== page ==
Once the kids got started, they worked fast; the project was completed way before the hour was up.  The kids decided to draw a huge cross, which they filled in with glow-in-the-dark chalk:


We had issued a blanket invitation to the parents to come to the class; one mother showed up.  I talked to her after class. She said she appreciated that we were trying to "liven things up."  She reports that she has a sister who teaches catechism, and the kids love it.  The sister says the book we're using isn't much good.  I agree!  The Mom promised to send a copy of the book her sister uses with her son next week.  I'm curious to see what it is.  I asked the Mom to see if her sister has any tips or suggestions for us.  I'm rapidly running out of bright ideas ...

Tuesday, October 9, 2012

Drugged Children

In the New York Times today, a disturbing look at the use of ADHD meds to boost the performance of struggling students.
Quintn began taking Adderall for A.D.H.D. about five years ago, when his disruptive school behavior led to calls home and in-school suspensions. He immediately settled down and became a more earnest, attentive student — a little bit more like Perry, who also took Adderall for his A.D.H.D.

When puberty’s chemical maelstrom began at about 10, though, Quintn got into fights at school because, he said, other children were insulting his mother. The problem was, they were not; Quintn was seeing people and hearing voices that were not there, a rare but recognized side effect of Adderall. After Quintn admitted to being suicidal, Dr. Anderson prescribed a week in a local psychiatric hospital, and a switch to Risperdal.
Words fail me.

Monday, October 8, 2012

Word Poverty

In the New York Times, an interesting look at "word poverty", and how it influences the all-important test scores.

Blood of the Lamb

[This is part of a series about a catechism (PREP) class that I'm co-teaching.]

My latest light bulb over the head was that I should arrange to do chalk drawings with the kids. We could talk about iconography, and put chalk drawings on the pavement around the church, to be enjoyed by people attending Mass. I wasn't born yesterday, so I knew the first step would be to get permission from everyone who could possibly be in a position to grant it.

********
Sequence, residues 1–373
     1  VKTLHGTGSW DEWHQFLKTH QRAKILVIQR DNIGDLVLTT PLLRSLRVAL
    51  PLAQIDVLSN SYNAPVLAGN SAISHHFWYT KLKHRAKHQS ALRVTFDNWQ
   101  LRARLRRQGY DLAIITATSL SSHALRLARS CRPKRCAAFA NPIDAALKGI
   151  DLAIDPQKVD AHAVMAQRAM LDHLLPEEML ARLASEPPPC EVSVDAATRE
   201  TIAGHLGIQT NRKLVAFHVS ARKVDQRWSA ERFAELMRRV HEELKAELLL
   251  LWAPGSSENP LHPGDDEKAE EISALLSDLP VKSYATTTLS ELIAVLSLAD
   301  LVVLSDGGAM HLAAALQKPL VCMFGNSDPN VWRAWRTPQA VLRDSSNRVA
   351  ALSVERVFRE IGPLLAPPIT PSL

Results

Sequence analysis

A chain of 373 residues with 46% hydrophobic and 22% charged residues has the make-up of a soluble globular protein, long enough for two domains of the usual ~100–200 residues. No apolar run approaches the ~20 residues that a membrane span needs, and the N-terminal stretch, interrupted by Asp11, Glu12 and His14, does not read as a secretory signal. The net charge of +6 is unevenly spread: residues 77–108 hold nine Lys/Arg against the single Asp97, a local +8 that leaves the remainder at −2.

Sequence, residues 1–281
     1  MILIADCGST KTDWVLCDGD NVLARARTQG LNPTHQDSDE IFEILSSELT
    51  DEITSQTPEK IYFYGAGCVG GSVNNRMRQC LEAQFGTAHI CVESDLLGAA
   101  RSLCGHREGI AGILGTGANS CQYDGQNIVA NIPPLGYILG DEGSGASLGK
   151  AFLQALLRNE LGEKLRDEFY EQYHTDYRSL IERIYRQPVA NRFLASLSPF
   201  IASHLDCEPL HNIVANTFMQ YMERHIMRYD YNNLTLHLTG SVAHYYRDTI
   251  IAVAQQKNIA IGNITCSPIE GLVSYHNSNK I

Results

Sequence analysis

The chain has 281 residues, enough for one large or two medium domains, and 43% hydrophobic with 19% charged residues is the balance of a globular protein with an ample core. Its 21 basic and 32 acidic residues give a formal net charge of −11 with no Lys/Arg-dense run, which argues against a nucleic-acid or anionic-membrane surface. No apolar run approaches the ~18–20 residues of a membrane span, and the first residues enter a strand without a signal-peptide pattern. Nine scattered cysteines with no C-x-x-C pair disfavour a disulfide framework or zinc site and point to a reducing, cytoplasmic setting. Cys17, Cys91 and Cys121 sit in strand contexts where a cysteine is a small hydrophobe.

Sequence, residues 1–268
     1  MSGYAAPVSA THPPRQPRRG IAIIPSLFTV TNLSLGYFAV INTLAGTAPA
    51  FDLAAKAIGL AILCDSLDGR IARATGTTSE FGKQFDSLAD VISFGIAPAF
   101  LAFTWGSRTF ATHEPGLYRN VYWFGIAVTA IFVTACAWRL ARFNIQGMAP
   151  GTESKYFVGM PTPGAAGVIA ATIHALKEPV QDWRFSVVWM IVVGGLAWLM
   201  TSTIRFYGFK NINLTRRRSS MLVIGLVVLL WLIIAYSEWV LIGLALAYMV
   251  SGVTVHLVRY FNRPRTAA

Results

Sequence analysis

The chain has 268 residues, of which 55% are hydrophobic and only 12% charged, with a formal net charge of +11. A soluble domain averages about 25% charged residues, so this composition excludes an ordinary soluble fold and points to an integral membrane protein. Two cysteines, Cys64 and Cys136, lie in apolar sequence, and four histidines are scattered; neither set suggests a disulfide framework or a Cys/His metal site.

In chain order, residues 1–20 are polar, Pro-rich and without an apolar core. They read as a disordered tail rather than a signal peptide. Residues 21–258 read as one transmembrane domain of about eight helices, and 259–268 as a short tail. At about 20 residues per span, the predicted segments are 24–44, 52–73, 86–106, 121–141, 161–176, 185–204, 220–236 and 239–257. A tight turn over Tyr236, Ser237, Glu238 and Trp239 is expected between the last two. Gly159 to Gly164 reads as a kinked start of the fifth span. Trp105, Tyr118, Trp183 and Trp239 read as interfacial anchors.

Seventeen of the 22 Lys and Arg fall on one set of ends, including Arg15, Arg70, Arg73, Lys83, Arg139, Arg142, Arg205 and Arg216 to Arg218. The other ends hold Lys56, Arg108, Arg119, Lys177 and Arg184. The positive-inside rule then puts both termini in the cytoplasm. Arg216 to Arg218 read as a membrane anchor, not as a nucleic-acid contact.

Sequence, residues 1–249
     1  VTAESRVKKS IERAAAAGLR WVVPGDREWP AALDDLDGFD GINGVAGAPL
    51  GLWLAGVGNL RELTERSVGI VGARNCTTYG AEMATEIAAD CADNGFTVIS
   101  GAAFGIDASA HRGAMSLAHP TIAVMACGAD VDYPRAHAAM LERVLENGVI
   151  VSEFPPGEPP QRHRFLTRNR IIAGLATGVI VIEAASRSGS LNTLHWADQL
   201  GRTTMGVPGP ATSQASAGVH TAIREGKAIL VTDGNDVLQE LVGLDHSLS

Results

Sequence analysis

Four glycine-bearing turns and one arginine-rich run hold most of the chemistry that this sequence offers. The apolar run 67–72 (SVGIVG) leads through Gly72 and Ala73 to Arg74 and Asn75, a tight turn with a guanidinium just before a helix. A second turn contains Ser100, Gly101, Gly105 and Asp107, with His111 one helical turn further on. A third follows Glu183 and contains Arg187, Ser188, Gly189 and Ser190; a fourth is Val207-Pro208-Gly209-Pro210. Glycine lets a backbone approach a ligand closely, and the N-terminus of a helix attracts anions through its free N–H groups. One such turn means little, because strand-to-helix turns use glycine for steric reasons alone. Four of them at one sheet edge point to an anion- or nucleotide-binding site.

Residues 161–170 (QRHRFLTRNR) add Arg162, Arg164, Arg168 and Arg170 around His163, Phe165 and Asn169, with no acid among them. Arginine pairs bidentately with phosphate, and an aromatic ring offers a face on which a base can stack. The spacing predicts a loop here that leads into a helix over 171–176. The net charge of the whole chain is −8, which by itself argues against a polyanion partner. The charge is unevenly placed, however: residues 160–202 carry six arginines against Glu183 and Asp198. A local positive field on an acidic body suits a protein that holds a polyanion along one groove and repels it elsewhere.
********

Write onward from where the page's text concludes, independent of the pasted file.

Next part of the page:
Henry Kissinger famously remarked that the reason academic politics are so vicious is because the stakes are so low. Well, the stakes don't get much lower than parish religious education, at least in terms of status or money. My request for permission immediately revealed an ongoing turf war between the director of PREP and the Principal of the parish school.

My co-teacher suggested I bypass everyone and go directly to the pastor and get his permission. Our pastor is a very sweet man; I'll call him Father Magnanimous. In our discussion, it became crystal clear that he doesn't have the foggiest notion what's going on in the PREP program, or what's in the curriculum. For instance, he said that "of course" the kids would all know Psalm 23 ("The Lord is my shepherd ..."). I would bet legal tender these kids wouldn't know Psalm 23 if it walked up and bit them in the ear.

But the part of our discussion that I remember best went like this:

Fr. Magnanimous: "Your role as catechist is to serve as a model of charity [i.e., perfect love]."

My thought balloon: "wow, I'm even less qualified for this job than I thought."

What I said: "I'd better bring more than that, or the kids will start a riot."

In the end, Fr. Magnanimous gave his permission, but said he'd have to check with the business director.

Next, I got an e-mail from the director of PREP (let's call her "Ms. Charge"), explaining that she had consulted with the parish business director and the parish director (let's call her "Attila the Nun"), and they were concerned that people might walk on the chalk drawings and track chalk into the church, the kids might make noise, etc. Their counteroffer was that we could draw on a remote portion of the parking lot, and that Ms. Charge could bring her personal collection of religious objects to show to the class.

We said OK to the terms of the counteroffer on the theory that we might as well take what we can get. Ms. Charge came to our class this morning and showed the kids her collection; miniatures of items used for saying Mass, a priest's traveling kit, icons, rosaries, etc. This went extremely well. The kids were interested, and glad of the chance to get up out of their seats and look at and handle the various objects.

I'm hoping to draw symbolic animals for the chalk drawings, so I introduced the symbols of the dove and the lamb.  I showed a couple of videos containing doves behaving unpredictably;

video

video

Next, we talked about the lamb.  I told them about the use of lambs for a sacrifice; this got a little graphic.

Kid (sardonically): "that's pleasant!"